Digital Public Infrastructure can help in climate adaptation, mitigation: Nandan Nilekani | The Financial Express

The initiative to export this model to other countries signifies the scalability, relevance, and impact of India’s digital infrastructure strategy. By sharing its best practices and experiences, India can contribute to enhancing digital inclusion, innovation, and responsible regulation on a global scale.

Nilekani’s assertion highlights the potential for India’s DPI framework to serve as a transformative blueprint for digital empowerment and growth in various countries. As nations seek ways to address their unique challenges and bridge digital divides, adopting successful models like India’s DPI can pave the way for positive changes in societies worldwide. This endeavor has the potential to reshape digital landscapes and contribute to the progress of multiple nations over the coming years.

Nandan Nilekani emphasized that the approach of digital public infrastructure (DPI) holds the potential to contribute to climate adaptation and mitigation efforts. He illustrated this by suggesting that anticipatory financing for building more resilient homes in preparation for challenges like rising sea levels could be facilitated through DPI or the Open Network for Digital Commerce (ONDC). ONDC is another innovation that aims to create an open network for commerce, fostering a circular economy by promoting recycling and reuse of goods.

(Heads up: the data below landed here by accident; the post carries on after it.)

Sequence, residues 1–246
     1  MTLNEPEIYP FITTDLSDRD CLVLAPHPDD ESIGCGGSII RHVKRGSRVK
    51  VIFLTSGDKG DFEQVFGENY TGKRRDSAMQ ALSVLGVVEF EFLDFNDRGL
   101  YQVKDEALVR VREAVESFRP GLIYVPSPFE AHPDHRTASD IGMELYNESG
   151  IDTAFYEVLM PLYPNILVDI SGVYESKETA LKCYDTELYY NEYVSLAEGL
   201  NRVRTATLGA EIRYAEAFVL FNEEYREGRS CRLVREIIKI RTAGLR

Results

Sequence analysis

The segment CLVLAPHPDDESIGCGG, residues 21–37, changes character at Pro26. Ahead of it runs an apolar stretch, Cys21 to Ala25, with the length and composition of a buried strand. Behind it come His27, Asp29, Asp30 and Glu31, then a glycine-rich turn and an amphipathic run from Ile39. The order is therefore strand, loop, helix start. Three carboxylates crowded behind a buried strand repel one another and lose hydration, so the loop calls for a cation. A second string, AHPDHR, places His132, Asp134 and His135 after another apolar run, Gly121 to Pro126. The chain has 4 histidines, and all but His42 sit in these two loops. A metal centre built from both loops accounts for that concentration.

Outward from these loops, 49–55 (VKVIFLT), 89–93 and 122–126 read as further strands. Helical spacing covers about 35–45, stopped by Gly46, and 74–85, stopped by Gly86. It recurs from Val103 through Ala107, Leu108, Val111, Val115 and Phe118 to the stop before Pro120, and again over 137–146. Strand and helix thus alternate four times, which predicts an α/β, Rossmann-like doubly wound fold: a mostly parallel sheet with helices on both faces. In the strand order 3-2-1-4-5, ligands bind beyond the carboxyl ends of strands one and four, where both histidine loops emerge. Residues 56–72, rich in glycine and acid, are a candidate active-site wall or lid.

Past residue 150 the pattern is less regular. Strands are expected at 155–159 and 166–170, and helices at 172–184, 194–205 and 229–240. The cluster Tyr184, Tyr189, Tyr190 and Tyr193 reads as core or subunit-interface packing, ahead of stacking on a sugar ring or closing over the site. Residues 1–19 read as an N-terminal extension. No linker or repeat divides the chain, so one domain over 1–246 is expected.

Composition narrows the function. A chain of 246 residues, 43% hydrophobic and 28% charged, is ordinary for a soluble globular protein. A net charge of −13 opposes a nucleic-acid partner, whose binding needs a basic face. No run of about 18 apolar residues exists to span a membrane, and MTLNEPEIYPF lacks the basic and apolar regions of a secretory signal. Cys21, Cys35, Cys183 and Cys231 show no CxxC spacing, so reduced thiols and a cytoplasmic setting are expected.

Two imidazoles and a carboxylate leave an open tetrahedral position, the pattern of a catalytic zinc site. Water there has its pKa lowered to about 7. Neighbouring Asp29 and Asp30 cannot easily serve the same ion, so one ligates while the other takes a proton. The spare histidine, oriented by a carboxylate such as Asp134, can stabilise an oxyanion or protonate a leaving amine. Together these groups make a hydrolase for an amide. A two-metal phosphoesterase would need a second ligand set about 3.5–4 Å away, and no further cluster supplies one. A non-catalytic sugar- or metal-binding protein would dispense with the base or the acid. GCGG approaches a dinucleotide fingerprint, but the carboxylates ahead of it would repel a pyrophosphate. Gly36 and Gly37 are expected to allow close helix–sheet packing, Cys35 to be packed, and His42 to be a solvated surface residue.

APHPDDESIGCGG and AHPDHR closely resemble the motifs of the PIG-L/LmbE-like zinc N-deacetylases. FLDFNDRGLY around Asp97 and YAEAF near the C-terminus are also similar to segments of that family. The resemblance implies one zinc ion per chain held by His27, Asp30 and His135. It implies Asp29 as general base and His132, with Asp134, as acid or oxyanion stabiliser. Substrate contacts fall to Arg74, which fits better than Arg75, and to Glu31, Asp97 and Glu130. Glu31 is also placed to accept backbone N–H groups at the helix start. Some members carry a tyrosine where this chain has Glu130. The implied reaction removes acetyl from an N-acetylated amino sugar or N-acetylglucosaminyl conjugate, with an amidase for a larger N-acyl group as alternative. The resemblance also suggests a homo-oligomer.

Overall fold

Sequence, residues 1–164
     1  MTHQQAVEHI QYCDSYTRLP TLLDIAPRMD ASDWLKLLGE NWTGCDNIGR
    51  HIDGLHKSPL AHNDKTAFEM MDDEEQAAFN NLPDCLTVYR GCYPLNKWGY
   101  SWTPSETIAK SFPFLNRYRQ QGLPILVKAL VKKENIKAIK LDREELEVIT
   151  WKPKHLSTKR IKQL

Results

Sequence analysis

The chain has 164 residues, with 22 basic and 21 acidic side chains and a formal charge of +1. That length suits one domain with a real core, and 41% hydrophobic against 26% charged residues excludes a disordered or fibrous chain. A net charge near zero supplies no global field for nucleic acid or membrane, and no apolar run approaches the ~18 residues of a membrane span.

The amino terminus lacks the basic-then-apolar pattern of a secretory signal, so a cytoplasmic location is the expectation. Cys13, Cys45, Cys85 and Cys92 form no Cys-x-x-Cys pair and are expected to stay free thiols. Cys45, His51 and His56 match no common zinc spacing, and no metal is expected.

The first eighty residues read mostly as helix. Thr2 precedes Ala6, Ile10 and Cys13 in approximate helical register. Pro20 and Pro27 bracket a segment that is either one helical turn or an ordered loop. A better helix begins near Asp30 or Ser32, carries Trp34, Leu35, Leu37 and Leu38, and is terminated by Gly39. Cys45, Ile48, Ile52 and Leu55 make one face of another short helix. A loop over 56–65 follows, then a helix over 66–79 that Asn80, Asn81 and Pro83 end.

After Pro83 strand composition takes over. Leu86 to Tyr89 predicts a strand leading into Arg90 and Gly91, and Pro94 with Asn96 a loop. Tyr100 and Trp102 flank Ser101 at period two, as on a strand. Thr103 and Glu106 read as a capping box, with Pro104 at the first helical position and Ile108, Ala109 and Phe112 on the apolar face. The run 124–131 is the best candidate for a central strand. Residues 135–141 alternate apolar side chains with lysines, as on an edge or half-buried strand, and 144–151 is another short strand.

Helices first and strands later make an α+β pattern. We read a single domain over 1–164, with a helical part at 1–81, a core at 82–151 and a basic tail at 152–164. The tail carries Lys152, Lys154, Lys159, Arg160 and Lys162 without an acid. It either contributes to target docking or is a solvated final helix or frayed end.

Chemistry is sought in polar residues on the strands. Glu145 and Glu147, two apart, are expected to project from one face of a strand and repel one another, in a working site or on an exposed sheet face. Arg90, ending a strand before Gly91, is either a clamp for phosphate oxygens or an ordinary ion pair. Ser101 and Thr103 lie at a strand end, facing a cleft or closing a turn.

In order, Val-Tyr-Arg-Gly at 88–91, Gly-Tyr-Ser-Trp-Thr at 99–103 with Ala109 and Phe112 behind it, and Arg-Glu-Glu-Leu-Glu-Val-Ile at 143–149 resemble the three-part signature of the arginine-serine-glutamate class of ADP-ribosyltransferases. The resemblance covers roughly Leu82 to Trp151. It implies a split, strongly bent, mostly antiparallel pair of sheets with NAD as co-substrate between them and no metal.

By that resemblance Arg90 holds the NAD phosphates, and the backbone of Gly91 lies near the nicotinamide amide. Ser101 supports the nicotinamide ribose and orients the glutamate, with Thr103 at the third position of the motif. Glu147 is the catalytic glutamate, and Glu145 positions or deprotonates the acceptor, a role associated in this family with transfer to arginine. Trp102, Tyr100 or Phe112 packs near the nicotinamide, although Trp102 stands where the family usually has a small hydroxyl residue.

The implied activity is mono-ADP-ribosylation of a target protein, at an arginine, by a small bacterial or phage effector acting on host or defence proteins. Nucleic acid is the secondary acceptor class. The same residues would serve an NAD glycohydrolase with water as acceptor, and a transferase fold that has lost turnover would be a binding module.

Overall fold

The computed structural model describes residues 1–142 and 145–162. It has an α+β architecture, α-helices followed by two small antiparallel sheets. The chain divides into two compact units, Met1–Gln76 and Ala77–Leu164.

Nilekani highlighted the enduring relevance of DPI, noting that its utility extends beyond its current achievements to encompass future challenges, particularly in the context of climate change adaptation.

He pointed out that the establishment of digital public infrastructure poses a challenge for societies. Other countries are grappling with the issue of balancing regulation and innovation, a balance that India has successfully managed. While the United States, renowned for its innovation, is now seeking ways to incorporate effective regulation, Europe faces a situation where regulations are abundant, but a shortage of innovators hinders progress.

Nilekani’s insights emphasize the transformative potential of DPI not only in addressing immediate challenges but also in contributing to a more sustainable and adaptive future. India’s approach offers lessons and opportunities for other nations to strike a harmonious balance between regulation and innovation for the betterment of society and the environment.

Nandan Nilekani underscored India’s unique approach to balancing regulation and innovation, highlighting the effectiveness of the participatory model of coordinated governance. He explained that this model involves collaboration between various stakeholders, including the central government, regulatory bodies like the Reserve Bank, technology companies, and the private sector. Together, they have established an architecture that strikes a harmonious balance between fostering innovation and ensuring responsible regulation.

Nilekani emphasized that this approach ensures that innovation flourishes while operating within a framework of well-defined boundaries. This way, the benefits of progress are reaped without compromising on ethical and regulatory considerations.